TAX TALK: Put the fringe benefits to use for low earnersDate Released: Mon, 11 November 2013 12:00 +0200
MY dad served 34 years at the Johannesburg branch of the reformatory school for boys in Tokai. He might have moved on were it not for four free fringe benefits: a house, use of the school clinic and quack, education for his sons, and lunch.
Fringe benefit tax planning for directors is now a lame duck that is frowned upon by remuneration committees. But that does not mean there are not attractive legal fringe benefits that could really help lower-income employees in these hard times.
Years ago, the South African Revenue Service closed down tax-free bursary schemes because only directors’ children ever had the requisite brains and financial need to qualify. Later, section 10(1)(q) allowed tax-free bursaries for employees’ children, but only if the employee’s income was below R100,000 a year and the bursary was less than R10,000 a year. Few noticed that section 10(1)q also allows the payment of the employees’ continued studies to an unlimited extent.
The 2013 income tax bill substantially increases the fringe benefit tax thresholds to cover all employees earning R250,000 a year. The R10,000-a-year bursary limit will remain for bursaries up to matric level, but it will be increased to R30,000 a year for any qualification above matric level.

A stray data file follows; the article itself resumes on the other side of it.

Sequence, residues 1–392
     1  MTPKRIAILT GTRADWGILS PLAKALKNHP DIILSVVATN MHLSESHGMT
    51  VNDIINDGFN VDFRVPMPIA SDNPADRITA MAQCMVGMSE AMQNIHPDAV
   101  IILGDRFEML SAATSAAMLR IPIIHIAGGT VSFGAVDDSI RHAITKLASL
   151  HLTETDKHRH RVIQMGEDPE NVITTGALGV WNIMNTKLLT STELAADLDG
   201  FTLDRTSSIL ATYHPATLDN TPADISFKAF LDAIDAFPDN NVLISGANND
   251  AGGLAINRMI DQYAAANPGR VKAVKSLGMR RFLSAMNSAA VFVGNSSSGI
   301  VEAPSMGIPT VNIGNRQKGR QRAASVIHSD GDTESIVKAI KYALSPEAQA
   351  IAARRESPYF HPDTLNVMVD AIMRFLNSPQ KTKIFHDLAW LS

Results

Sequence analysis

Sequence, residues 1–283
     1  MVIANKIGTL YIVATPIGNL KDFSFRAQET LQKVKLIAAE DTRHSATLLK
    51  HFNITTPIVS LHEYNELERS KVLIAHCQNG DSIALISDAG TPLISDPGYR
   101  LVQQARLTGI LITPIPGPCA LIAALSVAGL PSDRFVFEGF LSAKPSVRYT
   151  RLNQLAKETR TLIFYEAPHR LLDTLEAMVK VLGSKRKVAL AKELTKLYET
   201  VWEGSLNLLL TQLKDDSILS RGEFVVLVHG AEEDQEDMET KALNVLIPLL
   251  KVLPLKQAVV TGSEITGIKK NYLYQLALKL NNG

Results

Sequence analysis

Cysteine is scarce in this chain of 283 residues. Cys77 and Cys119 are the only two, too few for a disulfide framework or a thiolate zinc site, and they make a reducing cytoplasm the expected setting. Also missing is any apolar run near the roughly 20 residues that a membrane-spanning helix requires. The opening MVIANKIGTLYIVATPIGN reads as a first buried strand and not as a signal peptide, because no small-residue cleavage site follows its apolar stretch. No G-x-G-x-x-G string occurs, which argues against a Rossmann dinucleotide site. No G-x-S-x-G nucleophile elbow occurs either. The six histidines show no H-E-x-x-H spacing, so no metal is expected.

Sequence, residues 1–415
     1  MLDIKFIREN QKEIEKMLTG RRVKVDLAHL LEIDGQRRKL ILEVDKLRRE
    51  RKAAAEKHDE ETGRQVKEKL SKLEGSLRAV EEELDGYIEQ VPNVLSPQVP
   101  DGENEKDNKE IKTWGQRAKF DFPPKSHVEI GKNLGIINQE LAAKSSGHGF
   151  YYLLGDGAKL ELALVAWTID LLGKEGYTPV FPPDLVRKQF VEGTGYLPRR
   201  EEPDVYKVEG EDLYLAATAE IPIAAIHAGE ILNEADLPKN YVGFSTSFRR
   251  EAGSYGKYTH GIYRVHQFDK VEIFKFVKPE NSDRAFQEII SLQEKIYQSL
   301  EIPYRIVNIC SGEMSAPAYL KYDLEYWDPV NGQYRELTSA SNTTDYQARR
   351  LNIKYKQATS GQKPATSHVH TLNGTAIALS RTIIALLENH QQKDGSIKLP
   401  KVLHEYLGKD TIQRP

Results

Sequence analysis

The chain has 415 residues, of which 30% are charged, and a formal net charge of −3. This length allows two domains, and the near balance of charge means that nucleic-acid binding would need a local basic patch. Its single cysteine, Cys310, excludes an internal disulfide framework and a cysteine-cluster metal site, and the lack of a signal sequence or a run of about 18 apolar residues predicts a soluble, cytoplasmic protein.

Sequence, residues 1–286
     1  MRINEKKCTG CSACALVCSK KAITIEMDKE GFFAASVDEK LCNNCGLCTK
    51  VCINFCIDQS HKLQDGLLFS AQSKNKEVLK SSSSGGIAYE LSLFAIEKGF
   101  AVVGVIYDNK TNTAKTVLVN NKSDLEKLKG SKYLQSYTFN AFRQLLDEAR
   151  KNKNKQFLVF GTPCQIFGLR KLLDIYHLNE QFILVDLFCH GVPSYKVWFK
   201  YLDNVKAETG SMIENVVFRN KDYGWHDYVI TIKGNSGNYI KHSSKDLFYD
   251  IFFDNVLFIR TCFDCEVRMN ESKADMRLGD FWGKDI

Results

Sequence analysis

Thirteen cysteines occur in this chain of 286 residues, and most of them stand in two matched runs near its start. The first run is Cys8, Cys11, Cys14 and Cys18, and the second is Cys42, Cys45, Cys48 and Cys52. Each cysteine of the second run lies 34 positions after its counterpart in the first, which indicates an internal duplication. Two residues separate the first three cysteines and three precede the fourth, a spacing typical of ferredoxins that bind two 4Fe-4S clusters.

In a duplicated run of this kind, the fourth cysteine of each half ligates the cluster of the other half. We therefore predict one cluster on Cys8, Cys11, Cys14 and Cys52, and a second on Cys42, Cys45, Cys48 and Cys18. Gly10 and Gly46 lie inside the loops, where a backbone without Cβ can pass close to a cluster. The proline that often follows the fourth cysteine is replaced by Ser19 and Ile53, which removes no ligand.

Another amendment creates an income tax exemption when an employer sells residential accommodation to an employee earning less than R250,000 a year if the market value of the property is less than R450,000.
Fringe benefit tax is never charged on staff canteen meals or the use of an employer-provided clinic, quack or shrink. The use of the company gymnasium, computers, bandwidth and cellphones are all free of such tax. It is even still possible to reimburse for the use of a car, tax-free, up to 8000km a year at R3.16 a kilometre.
With a little imagination and a bit of effort, these fringe benefits can be structured into the lower-income earners’ package without the employer facing the risk of a full-frontal lobotomy in the event of an employees tax inspection. A corporate social investment profile is not always about bleeding-heart causes. It is a fundamental responsibility of management to look after all employees as best it can.
By Prof Matthew Lester
Lester is a professor at the Rhodes Business School, Grahamstown
This article was first published in Sunday Times: Business Times
Source: Business Day